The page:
Rhetorical Devics in Jullius Caesar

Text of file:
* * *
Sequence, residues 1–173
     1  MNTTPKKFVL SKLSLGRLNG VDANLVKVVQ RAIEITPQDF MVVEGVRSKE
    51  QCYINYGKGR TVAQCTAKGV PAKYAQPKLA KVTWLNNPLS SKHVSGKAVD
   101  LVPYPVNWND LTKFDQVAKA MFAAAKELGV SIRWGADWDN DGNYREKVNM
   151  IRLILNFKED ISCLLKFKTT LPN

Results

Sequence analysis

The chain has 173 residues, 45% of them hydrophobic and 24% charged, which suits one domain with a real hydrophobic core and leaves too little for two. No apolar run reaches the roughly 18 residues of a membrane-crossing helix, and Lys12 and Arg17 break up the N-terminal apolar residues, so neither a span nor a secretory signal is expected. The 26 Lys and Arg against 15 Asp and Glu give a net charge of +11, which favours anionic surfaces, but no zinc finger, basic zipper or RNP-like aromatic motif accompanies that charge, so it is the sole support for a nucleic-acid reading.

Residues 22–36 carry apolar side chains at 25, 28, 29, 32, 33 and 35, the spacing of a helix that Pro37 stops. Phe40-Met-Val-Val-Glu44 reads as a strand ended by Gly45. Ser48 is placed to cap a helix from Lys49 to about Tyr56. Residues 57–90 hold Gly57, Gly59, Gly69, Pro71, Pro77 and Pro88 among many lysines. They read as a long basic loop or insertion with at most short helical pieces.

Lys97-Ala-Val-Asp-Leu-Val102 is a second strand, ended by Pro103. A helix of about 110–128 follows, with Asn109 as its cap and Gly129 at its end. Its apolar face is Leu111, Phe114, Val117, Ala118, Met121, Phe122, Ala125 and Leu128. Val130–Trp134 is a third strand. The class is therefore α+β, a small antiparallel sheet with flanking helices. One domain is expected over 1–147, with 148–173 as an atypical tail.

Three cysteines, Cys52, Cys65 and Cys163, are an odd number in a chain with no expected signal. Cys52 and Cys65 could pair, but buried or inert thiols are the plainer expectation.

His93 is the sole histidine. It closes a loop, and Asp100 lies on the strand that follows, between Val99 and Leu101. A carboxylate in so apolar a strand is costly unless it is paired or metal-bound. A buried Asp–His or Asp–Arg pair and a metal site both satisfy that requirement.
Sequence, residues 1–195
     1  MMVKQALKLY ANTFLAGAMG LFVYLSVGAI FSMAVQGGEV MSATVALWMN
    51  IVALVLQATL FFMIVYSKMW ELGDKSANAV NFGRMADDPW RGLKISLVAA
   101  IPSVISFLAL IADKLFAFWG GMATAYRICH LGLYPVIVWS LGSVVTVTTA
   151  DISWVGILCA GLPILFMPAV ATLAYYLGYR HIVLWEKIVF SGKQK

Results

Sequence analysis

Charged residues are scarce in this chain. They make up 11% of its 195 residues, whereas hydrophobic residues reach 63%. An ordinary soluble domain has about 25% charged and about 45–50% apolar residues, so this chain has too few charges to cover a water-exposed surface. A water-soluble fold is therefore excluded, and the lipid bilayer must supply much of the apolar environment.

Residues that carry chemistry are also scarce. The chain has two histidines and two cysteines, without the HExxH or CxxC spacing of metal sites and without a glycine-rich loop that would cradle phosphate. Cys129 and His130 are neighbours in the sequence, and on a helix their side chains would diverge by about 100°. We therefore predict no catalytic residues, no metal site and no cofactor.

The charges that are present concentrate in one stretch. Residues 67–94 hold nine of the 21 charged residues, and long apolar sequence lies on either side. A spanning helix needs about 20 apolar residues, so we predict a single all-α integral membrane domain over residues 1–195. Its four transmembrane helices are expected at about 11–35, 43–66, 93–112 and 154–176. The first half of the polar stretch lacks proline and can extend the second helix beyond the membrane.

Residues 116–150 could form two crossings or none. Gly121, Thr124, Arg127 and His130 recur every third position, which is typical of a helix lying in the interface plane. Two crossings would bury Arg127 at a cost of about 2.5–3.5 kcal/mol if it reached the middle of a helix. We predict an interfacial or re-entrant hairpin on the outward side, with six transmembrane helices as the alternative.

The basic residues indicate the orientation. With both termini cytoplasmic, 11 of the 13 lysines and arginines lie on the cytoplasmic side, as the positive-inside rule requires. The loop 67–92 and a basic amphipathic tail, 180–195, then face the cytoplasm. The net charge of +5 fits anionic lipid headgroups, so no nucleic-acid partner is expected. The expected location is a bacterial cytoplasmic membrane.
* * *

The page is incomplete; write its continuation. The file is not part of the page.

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RHETORICAL DEVICES FOUND IN JULIUS CAESAR Rhetoric: language and effects used to impress or persuade an audience Repetition- Repetition is one of the simplest rhetorical devices. It is used to emphasise a key point or main idea. eg “I have a dream” and “Let freedom ring”. Emotive language Choice of words packed with emotion can influence an audience for or against your ideas, to be with you or against you. Words With Positive / Negative Connotation Rhetorical Question- A question asked for effect, but not necessarily needing to be answered. Exaggeration- Trying to impress or influence by overstating a viewpoint for effect. eg Millions of people were at Green Hills today. Understatement- As above, but understating a viewpoint for effect. Eg, There were a few at the after Christmas sale today, Allusion is referring to some text, person or event outside the present situation. The effect is to enrich the text by inviting the responder to consider more information than can be dealt with in detail. These include Biblical, political, philosophical, scientific and literary allusions. Contrast/Juxtaposition To present opposite viewpoints, or contrasting scenarios. Juxtaposition or contrast is created then two opposite viewpoints, ideas or concepts are placed close to each other for effect. Use of pronouns Second person – “You…..” is effective because the audience thinks they are being spoken to directly. Inclusive pronouns First person plural- “we”, “ours”. The effect of this is to connect the speaker with the audience, make the audience feel part of what the speaker is saying and suggest agreement. Excluding pronouns This excludes certain groups or distances the speaker from the opinions of some groups and/or the audience. Eg “They think it’s a good idea to ban Year 10 from eating fast food but we think otherwise.” Figurative
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